Where did the ancestors of the Irish come from? It is a question that has occupied the minds of historians and generated numerous myths and folktales. The most famous of these is that we are the descendants of the Milesians who originally sailed for Ireland from northwest Spain.
The area of Spain they were said to have come from is today called Galicia. It takes its name and cultural heritage from the ancestors of the British people who settled there in the fifth century AD. You only have to listen to the music of piper Carlos Nunez to hear the Celtic connections between Galician and Irish music.
This is just the tip of the iceberg when it comes to the Spanish-Irish connection and this year’s Cúirt Festival of Literature will bring Irish poet Micheál Ó Conghaile and Spanish poet Juan Carlos Mestre (making his debut reading in the city ) together to read at the Town Hall Theatre tomorrow at 3pm.
Perhaps the connections between Ireland and Spain, both real and imagined, are why Juan Carlos Mestre feels a sense of connection to Ireland.
“I’ve always had the feeling of coming to a place I already knew,” he tells me of his previous trips to Ireland, “a place with which I was close in the way it evoked a distant memory, perhaps the unexpected presence of our ancestors, of a land of intuition beyond time in its poetic sense of existence, like the awareness of having no more influence than the magical place surrounded on all sides by water.”
Señor Mestre has published numerous collections of poetry, but as well as composing verse he is also a musician and visual artist. Examples of his works can be seen on www.juancarlosmestre.com Given his diverse talents would be describe himself as a Renaissance man?
“No, absolutely not!” he says. “My work stems from understanding the artistic fact as an act of disobedience in the face of the tedium of the norm or the permanent repetition imposed on us by a society based on consumerism. Writing, painting, drawing/sketching, or making music, are unique forms of expression which bear no resemblance to the Renaissance spirit. I try to stand up to the ghosts of my own imagination. I’m more interested in the disorder of discourse, in its capacity to start aesthetic and ideological uprising.”
Such is his passion for creativity that he refuses to budge when I ask him if he prefers writing poetry to making music or painting.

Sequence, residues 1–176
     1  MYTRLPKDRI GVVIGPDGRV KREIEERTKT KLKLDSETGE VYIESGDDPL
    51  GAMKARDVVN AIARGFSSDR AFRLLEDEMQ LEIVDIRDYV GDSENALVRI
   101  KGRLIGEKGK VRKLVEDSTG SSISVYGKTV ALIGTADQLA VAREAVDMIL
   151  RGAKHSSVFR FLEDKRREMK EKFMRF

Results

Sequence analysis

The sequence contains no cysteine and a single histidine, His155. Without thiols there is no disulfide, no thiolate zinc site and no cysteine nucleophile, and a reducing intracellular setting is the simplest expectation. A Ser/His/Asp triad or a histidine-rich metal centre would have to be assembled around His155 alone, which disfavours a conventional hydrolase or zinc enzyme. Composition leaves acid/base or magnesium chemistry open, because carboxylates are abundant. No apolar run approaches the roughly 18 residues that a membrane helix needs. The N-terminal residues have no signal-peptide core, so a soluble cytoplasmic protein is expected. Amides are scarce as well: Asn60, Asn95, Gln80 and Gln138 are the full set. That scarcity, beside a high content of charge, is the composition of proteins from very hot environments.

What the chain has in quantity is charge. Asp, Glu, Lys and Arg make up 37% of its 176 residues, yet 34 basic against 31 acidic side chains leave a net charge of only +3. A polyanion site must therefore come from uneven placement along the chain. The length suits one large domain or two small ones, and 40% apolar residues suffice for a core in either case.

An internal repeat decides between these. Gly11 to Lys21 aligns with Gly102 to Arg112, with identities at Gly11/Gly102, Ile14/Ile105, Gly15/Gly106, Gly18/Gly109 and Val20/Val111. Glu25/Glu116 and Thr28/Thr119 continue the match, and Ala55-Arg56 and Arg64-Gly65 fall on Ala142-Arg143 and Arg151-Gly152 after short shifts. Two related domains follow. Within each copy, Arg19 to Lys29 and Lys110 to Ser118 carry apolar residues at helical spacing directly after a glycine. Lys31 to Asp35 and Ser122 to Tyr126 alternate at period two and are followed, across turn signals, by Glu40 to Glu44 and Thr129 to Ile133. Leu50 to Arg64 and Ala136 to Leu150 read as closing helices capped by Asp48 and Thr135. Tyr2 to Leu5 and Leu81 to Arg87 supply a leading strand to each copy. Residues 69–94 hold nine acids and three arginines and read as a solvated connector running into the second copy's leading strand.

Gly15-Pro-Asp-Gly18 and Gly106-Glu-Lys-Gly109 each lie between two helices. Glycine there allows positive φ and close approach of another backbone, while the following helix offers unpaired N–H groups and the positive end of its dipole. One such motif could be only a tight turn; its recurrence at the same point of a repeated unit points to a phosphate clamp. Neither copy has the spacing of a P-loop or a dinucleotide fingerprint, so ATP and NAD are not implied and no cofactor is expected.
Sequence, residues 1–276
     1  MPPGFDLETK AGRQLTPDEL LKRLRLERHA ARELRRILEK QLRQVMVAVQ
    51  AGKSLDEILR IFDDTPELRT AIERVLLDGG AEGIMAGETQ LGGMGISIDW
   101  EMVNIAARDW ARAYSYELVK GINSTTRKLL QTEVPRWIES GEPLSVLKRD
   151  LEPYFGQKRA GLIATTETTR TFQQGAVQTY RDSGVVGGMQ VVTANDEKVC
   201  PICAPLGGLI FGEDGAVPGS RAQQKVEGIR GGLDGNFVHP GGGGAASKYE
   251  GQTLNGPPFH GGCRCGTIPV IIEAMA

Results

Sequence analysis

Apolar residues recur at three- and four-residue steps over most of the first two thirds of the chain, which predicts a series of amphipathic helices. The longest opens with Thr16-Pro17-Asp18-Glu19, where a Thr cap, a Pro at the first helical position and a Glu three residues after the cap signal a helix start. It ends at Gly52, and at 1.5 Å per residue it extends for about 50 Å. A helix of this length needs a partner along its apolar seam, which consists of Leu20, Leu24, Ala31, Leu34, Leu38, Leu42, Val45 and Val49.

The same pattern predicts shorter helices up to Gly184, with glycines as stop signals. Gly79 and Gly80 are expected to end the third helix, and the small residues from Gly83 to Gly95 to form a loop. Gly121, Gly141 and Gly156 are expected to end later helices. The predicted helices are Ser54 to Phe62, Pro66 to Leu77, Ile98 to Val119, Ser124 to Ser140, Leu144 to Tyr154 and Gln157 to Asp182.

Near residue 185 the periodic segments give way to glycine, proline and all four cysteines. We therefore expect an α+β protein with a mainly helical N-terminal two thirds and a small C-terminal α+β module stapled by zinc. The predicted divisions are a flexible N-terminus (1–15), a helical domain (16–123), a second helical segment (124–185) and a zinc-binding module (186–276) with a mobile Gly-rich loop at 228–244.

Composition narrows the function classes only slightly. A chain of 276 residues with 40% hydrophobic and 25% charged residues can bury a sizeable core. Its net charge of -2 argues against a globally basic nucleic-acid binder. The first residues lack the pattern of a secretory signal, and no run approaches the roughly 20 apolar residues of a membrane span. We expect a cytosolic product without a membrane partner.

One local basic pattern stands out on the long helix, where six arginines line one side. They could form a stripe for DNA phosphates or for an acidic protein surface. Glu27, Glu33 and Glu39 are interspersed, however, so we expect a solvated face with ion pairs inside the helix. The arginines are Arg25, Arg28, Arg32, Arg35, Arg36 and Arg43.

“When inspiration comes, it comes already formed, with its words, with its lines, with its own rules of harmony,” he says. “The creation of a collection of poems or of a series of etchings is brought about involuntarily. One doesn’t actively write, one doesn’t actively draw. The writing and the drawing is brought about by the wish to go against the grain, a sort of disobedience in the face of habits of customs and norms.”
Nonetheless it is as a poet that Señor Mestre is best known and his most praised collections is La Tumba De Keats - which won the Jaén Poetry Award in 1999. The book illustrates the debt the Spaniard owes the English Romantic.
“John Keats is my number one poet, my hero, and the key to modern criticism of contemporary poetry.” Señor Mestre declares. “Few of his contemporaries were as brilliant as he. He has had a definitive ideological influence on me. His poetry, letters, and reflections on poetry opened the door to critical thinking of which Spanish Romanticism was devoid.
“There are tonnes of thought in his poetry, there are enlightening lessons, the fundamental condition of the poet’s being that person who, in the presence of another, always considers that person to be his equal, whether he be prince or pauper.”
Spain is a land more diverse in identity and language than we often think. In the northwest there is Galicia, with its own language of Gallego (somewhat like Portuguese with hints of British Celtic ), in the north there is the Basque Country where the people speak a language related to no other tongue in the world; and to the west Catalunya, and its language of Catalan (related to French ). All these areas are proud of their separate and unique identities and despite the policies of Franco and previous Spanish authorities, they have continued to maintain them.
Señor Mestre was born in El Bierzo which straddles the border between Galicia and León. Although he says his “fatherland is one without a flag with no territorial jurisdiction”, he is on the side of communities which wish to maintain their language and cultural identity.
“Language is the full expression of a collective consciousness, of a particular world view, and as such, it has to be looked after and maintained,” he says. “People have a right to express what they think and what they feel. The person who feels it is important to exercise his or her civil right to speak his or her own language, must be able to do so. He or she who wishes to belong to a nation, should also have the right to express this wish.”
Galicia has had an impact on Señor Mestre’s work however, through its traditional music.
“Galician music, because of its proximity of where I was brought up has had a part in my emotional upbringing,” he says. “It’s the folk music of my childhood. The music is also connected to poetry in the dulcet tones of singer and musician Amancio Prada, who was for me the way to profound happiness and fundamental freedom, that of understanding poetry and life itself.”
Tickets are available from the Town Hall Theatre on 091 - 569777. Information can also be obtained from the Galway Arts Centre, 47 Dominick Street, on 091 - 565886.